Fewer jobs for teachers next year, says Quinn

 

NEWLY QUALIFIED teachers struggling to find work will have an even harder time next year as schools are forced to recruit from panels drawn from schools with a surplus of teachers, Minister for Education Ruairí Quinn told teachers gathered in Sligo yesterday.

The Minister acknowledged the “concern and anxiety” of young teachers in temporary positions or seeking work, but had little hope to offer this group. He said the situation might be worsened by the establishment of teacher panels, from which schools will now be obliged to recruit.

“The Government is prepared to honour the Croke Park commitment in relation to no redundancy for those holding permanent posts,” he said.

“However, to deliver on that commitment means that this year we will need to redeploy teachers into positions that traditionally have been filled by teachers on short-term contracts.”

The Minister said the department could not afford to leave a teacher surplus in one school while filling vacancies in another.

One of the key issues at this year’s conference of the Irish National Teachers’ Organisation (INTO) is the working conditions and job opportunities for newly qualified teachers.

A subcommittee of newly qualified teachers who held a protest at the conference put at 800 the number of qualified teachers seeking permanent work in the system now. That figure, they say, is set to grow to 2,200 when the next cohort of graduates from the teacher training colleges complete their courses in May. These graduates are competing with hundreds of unqualified people in the system, as well as retired teachers taking fixed-term contracts.

Mr Quinn told delegates a “stark” and “very difficult” road lies ahead for all the education partners. He stressed that resources for education would not be improved, and that earlier decisions would not be reversed.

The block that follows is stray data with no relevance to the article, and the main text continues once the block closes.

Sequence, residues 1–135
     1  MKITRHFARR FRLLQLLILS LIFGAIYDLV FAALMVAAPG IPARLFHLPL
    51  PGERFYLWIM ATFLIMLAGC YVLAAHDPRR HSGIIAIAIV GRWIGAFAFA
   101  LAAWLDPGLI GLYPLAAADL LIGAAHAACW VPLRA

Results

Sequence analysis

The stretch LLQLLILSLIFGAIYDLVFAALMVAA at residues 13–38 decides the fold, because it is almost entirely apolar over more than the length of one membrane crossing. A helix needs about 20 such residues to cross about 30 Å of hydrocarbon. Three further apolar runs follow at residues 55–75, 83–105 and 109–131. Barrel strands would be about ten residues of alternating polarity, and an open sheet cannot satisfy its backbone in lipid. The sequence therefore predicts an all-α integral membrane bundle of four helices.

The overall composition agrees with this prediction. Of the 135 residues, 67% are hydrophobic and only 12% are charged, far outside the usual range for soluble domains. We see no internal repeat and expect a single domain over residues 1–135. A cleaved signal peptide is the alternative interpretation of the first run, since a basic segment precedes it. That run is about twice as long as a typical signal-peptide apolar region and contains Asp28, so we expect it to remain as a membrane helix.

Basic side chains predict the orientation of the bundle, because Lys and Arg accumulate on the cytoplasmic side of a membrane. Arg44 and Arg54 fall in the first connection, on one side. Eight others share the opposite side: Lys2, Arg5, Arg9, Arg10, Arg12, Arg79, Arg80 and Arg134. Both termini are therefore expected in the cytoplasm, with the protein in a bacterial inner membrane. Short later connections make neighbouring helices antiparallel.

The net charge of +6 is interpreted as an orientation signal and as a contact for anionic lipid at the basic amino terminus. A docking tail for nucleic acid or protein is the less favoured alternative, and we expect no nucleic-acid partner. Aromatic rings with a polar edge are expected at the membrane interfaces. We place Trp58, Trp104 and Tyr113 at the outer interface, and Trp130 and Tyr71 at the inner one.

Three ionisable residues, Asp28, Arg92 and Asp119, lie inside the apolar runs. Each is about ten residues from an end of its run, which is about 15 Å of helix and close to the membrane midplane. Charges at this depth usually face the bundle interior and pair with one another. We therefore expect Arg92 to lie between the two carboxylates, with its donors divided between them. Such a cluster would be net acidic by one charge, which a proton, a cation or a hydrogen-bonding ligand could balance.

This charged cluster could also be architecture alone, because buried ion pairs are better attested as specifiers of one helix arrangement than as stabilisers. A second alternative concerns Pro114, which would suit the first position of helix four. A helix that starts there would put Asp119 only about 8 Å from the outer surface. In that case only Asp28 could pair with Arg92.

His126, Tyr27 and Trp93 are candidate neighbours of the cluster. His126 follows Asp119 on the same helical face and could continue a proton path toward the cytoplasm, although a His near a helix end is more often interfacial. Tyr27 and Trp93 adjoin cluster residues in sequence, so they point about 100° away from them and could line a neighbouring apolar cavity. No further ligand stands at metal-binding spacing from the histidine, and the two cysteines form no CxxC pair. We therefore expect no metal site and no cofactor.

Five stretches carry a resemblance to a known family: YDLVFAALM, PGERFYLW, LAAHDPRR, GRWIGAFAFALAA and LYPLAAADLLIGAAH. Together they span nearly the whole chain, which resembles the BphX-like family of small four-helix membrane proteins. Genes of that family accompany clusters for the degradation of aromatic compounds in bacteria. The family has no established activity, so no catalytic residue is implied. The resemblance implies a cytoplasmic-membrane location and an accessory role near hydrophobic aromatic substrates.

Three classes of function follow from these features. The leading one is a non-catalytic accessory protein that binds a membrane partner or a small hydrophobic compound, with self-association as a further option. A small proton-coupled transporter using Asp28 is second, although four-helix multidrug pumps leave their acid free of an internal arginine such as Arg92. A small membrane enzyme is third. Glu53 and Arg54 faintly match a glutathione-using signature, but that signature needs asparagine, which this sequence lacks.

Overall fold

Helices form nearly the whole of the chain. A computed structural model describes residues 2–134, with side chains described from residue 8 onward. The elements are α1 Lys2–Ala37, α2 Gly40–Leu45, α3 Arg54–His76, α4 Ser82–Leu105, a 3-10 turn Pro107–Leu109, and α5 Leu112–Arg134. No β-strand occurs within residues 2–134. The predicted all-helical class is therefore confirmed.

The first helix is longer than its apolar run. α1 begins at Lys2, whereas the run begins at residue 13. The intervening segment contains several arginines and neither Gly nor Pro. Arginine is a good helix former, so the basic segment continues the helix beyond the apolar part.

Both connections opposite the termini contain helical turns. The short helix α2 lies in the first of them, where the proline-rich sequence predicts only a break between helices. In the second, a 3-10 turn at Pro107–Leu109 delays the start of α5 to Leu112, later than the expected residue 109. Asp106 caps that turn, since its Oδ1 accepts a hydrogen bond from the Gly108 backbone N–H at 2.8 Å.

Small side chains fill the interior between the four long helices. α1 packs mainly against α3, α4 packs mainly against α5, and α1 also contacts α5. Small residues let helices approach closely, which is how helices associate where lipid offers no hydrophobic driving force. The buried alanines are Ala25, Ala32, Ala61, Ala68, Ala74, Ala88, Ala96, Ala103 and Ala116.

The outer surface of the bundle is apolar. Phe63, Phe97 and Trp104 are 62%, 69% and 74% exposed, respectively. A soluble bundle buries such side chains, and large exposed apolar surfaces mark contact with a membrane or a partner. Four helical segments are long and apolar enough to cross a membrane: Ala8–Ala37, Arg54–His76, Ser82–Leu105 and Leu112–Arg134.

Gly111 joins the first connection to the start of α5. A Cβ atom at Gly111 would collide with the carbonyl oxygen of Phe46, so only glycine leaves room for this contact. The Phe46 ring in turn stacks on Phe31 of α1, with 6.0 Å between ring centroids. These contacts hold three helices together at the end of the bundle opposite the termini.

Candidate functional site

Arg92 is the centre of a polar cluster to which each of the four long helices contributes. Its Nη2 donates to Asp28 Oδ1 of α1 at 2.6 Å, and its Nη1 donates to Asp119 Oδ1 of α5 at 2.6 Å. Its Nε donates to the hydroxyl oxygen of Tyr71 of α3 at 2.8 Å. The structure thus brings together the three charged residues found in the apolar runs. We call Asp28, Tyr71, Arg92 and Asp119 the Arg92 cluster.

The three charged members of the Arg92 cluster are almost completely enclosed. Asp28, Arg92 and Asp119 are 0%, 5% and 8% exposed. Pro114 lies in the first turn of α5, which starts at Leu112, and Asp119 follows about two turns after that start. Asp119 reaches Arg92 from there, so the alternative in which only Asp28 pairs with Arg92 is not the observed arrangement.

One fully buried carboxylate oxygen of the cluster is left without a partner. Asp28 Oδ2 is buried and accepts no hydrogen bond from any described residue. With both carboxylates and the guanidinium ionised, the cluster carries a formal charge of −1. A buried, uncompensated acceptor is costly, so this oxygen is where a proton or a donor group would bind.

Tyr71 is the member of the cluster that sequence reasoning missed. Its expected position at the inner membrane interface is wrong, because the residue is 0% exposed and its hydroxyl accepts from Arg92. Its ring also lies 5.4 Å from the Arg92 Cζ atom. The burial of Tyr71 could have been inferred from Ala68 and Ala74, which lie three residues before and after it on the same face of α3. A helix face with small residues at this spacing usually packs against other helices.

“To put it bluntly, the money dispensed by ATMs to all public servants . . . is made available to Ireland by the European Central Bank at fortnightly intervals. Every two weeks, the governor of the Irish Central Bank, Patrick Honohan, has to confirm to the ECB that Ireland is meeting terms of the bailout.”

Mr Quinn reminded delegates there was a trade-off to be made for the Croke Park agreement that included a net reduction in teacher numbers in 2011.

“I am not going to pretend that the resources available for education can be improved, earlier decisions reversed or further difficult measures avoided,” he said.

“The bottom line is that Ireland has to reduce its expenditure on public services and that means further difficult and painful decisions.

“We must all come to terms with the extent to which our reliance on EU-IMF funding means that we operate without economic sovereignty.”

Parents of children with special needs protested against cuts to support staff as the Minister left the conference at a Sligo hotel. He did not address the specific issue of the capping of special needs teachers at the current level of 10,575, or the controversial issue of learning support for Travellers.

More than 750 teachers are attending the conference.